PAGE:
For players and spectators it’s fast and skilful; for sponsors it’s now competitive value of money. Everyone’s a winner, it seems, when it comes to women’s sport.
After years of struggling for recognition, FA Women’s Cup is to receive sponsorship worth millions of pounds from the energy firm SSE, guaranteeing the final at Wembley for the next four years and providing proof of a cultural shift in perceptions about women’s sport.
And the deal announced last week follows news of other recent partnerships between the South Korean car firm Kia and women’s cricket, the banking group Investec and women’s hockey, and Microsoft and the Women’s Sport Trust.
The sponsorship of the women’s Boat Race earlier this year by management firm Newton was seen as so groundbreaking that Clare Balding missed the Grand National to commentate, despite her brother training one of the favourites.
Women’s sport hasn’t always been this blessed. When sport was first organised professionally, over a century ago, there was a view that women’s athletic activities should be confined to sex and waitressing. Baron de Coubertin, founder of the modern Olympic movement, thought girls should just “stand about with garlands”.
As recently as last autumn, three days after Marlie Packer had been crowned a Women’s Rugby World Cup champion in the victorious England team, she was back at work as a plumber. But in the background, nothing less than a social revolution has been taking place.
With the BBC, BT Sport and Sky all expanding their coverage of women’s sport and the impact of London 2012, greater professionalisation of women’s sport and incursions into the male sport-sponsorship market, many businesses have studied the return on sponsorship investment and concluded that it makes sense.
“Less than half of one per cent of sport sponsorship is invested in women’s sport,” said Tom Kingsley, director of sport and sponsorship at EY. “Business is about making a return on investment [ROI]; look at the return some companies have made on their investments in sport and it’s clear that a huge ROI can be generated. In business terms, women’s sport is an emerging market and offers great potential.”
Jamie Brookes, trustee of the Women’s Sport Trust, says women’s sport is significantly cheaper to access than men’s by “a factor of about 30”. Yet, he says, as far as value goes, “you are getting the same strength of characters, calibre, work ethic and connection to the community”. And those are all aspects of the sector that are of huge value to businesses.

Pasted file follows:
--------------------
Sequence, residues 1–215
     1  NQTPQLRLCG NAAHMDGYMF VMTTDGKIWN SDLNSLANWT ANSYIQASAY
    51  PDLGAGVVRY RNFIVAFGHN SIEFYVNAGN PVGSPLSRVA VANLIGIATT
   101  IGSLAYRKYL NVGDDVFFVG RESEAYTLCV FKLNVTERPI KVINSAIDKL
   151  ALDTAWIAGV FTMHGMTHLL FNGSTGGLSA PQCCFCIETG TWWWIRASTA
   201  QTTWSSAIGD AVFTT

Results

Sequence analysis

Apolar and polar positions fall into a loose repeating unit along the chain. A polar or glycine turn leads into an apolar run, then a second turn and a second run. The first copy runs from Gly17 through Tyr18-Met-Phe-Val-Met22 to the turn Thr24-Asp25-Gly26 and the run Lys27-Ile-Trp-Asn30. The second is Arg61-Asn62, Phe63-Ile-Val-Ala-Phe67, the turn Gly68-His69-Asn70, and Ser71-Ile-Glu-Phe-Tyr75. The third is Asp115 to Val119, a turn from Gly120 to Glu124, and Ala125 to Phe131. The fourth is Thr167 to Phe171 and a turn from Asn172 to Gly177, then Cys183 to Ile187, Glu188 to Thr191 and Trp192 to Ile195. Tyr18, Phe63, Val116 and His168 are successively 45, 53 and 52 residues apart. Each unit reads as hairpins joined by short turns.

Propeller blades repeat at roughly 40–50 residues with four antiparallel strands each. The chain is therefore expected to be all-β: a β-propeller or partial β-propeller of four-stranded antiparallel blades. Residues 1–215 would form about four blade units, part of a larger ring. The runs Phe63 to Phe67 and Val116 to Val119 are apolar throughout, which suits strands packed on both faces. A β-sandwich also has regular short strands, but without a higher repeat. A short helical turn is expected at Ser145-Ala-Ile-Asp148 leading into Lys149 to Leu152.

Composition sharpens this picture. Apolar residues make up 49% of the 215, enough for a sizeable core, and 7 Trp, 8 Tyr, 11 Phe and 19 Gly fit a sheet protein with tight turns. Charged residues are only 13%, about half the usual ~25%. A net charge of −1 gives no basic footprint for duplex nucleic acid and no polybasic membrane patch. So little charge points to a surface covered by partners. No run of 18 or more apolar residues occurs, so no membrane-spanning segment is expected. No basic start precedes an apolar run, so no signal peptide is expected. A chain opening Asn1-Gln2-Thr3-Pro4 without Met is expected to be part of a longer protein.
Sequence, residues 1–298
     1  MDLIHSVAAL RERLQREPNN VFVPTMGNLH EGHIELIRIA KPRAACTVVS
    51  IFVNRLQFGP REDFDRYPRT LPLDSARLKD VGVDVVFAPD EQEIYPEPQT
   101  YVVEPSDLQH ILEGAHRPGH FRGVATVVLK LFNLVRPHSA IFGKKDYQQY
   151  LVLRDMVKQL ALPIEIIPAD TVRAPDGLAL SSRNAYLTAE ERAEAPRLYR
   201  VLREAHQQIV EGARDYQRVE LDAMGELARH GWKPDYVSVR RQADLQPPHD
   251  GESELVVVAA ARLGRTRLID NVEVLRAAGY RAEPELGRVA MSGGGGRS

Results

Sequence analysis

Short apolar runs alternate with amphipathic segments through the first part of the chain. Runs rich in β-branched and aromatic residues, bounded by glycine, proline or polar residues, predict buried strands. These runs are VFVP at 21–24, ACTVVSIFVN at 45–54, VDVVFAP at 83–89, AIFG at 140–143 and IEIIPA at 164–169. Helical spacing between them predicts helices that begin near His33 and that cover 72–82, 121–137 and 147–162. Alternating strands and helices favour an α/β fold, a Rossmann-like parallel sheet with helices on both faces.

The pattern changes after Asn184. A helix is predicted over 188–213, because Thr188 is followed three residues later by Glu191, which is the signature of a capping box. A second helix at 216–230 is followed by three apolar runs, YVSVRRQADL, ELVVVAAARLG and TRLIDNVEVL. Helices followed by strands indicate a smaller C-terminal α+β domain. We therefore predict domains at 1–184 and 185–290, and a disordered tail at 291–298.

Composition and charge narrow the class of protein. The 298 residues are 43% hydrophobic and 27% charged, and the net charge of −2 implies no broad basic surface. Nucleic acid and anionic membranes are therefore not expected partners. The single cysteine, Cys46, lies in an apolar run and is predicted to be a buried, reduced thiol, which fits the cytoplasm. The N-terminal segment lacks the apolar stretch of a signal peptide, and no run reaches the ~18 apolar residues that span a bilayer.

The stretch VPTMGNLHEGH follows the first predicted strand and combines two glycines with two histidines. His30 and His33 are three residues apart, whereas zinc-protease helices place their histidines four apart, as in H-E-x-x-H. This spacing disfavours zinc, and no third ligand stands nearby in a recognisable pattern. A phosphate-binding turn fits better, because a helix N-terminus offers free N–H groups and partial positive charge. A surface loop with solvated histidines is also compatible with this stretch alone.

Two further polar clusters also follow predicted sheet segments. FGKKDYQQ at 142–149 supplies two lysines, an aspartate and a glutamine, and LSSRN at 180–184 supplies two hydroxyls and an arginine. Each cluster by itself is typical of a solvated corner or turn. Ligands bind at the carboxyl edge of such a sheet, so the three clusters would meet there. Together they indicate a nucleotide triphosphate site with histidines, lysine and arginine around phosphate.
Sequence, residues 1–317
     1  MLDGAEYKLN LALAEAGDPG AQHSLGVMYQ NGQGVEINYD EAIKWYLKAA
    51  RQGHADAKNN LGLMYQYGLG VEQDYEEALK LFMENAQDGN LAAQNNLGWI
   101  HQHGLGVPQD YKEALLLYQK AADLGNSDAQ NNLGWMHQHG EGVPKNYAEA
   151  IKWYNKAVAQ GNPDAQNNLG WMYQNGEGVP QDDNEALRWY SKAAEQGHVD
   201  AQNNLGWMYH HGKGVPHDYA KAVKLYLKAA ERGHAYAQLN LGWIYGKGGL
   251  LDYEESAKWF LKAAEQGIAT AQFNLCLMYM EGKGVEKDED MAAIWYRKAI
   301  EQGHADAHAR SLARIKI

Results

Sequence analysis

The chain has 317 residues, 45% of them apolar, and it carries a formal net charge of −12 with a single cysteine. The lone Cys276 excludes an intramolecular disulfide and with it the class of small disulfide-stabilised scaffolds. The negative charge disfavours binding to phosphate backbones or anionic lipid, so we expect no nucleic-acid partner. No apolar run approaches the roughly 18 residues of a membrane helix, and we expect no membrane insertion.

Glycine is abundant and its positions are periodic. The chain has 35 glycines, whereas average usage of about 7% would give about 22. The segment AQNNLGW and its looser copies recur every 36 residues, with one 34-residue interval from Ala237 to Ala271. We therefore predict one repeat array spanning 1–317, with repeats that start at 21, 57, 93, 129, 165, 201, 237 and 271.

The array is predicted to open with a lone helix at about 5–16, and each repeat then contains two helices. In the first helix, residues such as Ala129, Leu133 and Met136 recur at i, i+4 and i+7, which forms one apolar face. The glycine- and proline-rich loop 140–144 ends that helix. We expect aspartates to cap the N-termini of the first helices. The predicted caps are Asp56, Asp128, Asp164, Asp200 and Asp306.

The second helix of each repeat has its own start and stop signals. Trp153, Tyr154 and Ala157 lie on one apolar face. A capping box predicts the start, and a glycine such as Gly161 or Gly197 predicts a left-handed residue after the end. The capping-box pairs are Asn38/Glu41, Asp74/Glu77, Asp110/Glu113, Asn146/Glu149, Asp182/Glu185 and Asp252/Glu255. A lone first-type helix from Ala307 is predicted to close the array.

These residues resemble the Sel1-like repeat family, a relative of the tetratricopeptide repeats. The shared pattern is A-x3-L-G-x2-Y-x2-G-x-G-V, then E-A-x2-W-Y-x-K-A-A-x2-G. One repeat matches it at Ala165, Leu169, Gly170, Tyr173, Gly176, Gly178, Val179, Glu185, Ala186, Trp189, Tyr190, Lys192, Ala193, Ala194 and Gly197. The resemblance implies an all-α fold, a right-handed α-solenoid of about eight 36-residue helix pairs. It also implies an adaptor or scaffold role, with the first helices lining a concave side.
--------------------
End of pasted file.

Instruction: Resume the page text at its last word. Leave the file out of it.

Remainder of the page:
With evidence suggesting that women make 75 per cent of the spending decisions in a household and that one in five are the main breadwinners in their family, big-ticket items such as cars are increasingly bought on their say so. It is “a no-brainer” that businesses should appeal to them, according to Microsoft UK managing director Michel Van der Bel.
It was no coincidence that Y Sport, a sports management and sponsorship consultancy launched last month and solely focused on women’s sport, was attracted by what it perceived to be a gap in the sponsorship market. Its founder, Sally Horrox, also a consultant to the FA, said: “Sponsoring women’s sport is a tangible way for businesses to demonstrate that they care about the girls and women in their workforce. In a cynical world, it’s about actions speaking louder than words.
The response has been positive. The opening game of the Women’s World Cup pulled in more viewers than Sky Sports’ coverage of Barcelona vs Juventus in the Champions’ League final on the same night. True, that game was also shown free-to-air on ITV, but the gathering power of women’s sport is clear.
In the 1970s, Rachael Heyhoe Flint, the England women’s cricket captain, regretfully had to refuse sponsorship for her cash-strapped team from a company that had the word “rubber” in its name; at the time, it was felt that a connection to condoms could only represent the social abyss. So for the team it was back to self-funding and begging M&S for the odd blouse.
Those days, we can safely say, are now gone.Reuse content